Significance of Memorial Day not lost on Negaunee

NEGAUNEE — The significance of Memorial Day was not lost among Negaunee residents due to their annual observance coordinated by Negaunee’s VFW Post 3165.

The recognition began with a parade downtown featuring law enforcement, local military, along with the city and high school bands. The parade has been part of the city’s Memorial Day activities since shortly after World War I. After the parade, community members gathered at the Negaunee cemetery.

“It was 150 years ago is when they started Memorial Day. It is an ideal time to remember all who made the ultimate sacrifice so we can remain free.”

Speakers, patriotic songs, and stories of fallen heroes filled the cemetery. An aura of respect filled every inch of the grounds where over fifteen hundred flags were placed last week.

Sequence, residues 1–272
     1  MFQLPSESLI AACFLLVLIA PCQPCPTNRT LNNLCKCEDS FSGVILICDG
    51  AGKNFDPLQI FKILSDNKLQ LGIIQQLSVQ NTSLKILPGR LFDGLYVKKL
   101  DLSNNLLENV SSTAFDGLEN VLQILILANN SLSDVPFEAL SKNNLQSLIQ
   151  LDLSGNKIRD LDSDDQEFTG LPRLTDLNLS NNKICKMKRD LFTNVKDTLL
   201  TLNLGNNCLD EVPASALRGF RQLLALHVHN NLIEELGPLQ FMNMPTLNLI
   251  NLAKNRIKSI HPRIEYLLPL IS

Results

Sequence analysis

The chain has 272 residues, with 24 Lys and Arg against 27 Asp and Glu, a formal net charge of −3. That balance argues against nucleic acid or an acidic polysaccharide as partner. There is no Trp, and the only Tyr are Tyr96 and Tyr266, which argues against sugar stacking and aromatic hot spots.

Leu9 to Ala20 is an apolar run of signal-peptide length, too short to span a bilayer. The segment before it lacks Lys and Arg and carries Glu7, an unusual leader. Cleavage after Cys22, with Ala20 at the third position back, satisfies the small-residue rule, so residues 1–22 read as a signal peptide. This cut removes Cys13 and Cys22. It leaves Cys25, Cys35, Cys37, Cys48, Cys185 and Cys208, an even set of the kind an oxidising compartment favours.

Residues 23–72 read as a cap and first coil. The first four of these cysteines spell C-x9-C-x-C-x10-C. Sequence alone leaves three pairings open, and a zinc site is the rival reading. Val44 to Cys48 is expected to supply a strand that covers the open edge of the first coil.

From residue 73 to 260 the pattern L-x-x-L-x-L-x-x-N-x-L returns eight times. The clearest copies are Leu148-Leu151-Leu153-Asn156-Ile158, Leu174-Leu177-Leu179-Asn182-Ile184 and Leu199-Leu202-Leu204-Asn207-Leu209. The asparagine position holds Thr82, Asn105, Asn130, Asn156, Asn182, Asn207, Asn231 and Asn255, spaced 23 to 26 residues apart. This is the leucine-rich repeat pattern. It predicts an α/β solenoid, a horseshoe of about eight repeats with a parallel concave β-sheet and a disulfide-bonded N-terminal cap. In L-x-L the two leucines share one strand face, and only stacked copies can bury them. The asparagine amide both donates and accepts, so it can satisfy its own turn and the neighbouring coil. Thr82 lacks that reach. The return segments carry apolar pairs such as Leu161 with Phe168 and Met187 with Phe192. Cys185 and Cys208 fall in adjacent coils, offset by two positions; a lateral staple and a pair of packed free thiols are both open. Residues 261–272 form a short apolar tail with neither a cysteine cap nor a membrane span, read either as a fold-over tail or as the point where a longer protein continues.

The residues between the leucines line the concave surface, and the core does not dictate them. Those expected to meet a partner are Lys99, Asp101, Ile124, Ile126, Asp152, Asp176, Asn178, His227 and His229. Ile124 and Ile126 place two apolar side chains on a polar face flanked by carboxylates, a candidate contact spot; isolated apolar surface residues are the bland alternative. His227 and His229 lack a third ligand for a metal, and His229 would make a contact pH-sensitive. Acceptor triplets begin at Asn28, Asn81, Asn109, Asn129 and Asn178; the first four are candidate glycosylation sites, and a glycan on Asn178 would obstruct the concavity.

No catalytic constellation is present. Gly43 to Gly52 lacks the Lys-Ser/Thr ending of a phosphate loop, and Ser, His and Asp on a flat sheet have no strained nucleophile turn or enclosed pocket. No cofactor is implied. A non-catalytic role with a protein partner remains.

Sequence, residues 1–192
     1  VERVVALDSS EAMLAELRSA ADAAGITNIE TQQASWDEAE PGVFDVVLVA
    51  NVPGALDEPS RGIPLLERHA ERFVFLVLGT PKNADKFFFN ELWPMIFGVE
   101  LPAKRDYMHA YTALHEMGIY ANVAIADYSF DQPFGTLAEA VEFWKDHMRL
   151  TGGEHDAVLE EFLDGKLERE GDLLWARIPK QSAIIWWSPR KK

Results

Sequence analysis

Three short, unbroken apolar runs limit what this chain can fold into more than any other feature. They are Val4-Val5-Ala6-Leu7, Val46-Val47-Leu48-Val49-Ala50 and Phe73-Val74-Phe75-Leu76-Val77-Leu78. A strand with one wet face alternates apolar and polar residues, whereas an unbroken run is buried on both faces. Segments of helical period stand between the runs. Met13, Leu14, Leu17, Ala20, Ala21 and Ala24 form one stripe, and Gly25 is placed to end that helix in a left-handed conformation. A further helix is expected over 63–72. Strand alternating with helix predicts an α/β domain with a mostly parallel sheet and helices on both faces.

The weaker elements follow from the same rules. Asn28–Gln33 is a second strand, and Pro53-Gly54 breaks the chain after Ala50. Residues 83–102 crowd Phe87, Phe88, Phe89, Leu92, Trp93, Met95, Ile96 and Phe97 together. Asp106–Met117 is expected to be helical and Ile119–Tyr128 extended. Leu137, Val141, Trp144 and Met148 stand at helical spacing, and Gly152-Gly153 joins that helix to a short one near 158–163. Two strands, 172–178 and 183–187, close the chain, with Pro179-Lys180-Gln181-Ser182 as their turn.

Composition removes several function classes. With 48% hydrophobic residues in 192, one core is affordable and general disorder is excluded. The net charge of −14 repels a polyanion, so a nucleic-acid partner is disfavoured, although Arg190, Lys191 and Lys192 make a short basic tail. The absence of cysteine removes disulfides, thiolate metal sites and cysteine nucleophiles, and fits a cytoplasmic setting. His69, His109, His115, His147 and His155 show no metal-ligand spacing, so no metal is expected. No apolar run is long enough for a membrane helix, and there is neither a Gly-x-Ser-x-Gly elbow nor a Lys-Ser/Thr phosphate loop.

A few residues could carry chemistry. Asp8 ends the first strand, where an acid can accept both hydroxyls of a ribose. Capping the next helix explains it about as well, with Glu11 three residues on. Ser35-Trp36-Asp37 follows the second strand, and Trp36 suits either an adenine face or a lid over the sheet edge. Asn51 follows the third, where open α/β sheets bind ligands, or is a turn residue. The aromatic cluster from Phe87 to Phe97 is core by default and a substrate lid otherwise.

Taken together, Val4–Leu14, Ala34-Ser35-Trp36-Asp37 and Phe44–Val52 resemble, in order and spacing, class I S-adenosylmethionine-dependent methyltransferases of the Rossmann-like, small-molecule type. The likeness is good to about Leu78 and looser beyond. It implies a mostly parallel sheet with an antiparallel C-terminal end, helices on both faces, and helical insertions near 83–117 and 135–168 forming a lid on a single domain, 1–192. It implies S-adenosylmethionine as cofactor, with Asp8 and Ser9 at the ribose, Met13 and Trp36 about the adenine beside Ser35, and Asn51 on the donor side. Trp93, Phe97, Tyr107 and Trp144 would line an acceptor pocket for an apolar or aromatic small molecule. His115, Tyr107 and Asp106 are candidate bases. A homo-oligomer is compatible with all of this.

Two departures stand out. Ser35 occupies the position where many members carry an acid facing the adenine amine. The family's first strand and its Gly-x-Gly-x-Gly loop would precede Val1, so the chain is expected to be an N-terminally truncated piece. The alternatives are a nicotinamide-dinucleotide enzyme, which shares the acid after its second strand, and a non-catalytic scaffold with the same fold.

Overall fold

“I don’t think there’s a family in the city of Negaunee that doesn’t have a veteran in it. The best way that you can service a person that you had in the military is to fly the flag,” said U.P. Veteran of the Year Thomas Stanaway, “when you do put it out there you will be remembering someone in your family that had served in the service, whether they passed away in the service or not.”

Both the parade and the ceremony at the cemetery are held every year, rain or shine.

About the Author

Caleb Scanlon
Caleb M. Scanlon is a reporter for ABC 10 / CW 5 and joined the news team in 2015. He grew up in Negaunee, where he attended Negaunee High School. Caleb completed his Bachelor's degree in Media Production and New Technologies from Northern Michigan University with a minor in Communication Studies. Caleb interned with ABC 10 / CW 5 in the fall of 2014. During his free time, Caleb enjoys spending time with his wife Samantha, his kids Fred and Lucy, and his cats Scotty, Remus, and Fitzgerald. Caleb plays a multitude of musical instruments and performs in a band called Concord Through Keys. When there isn't snow on the ground, Caleb can often be found at Al-Quaal playing disc golf.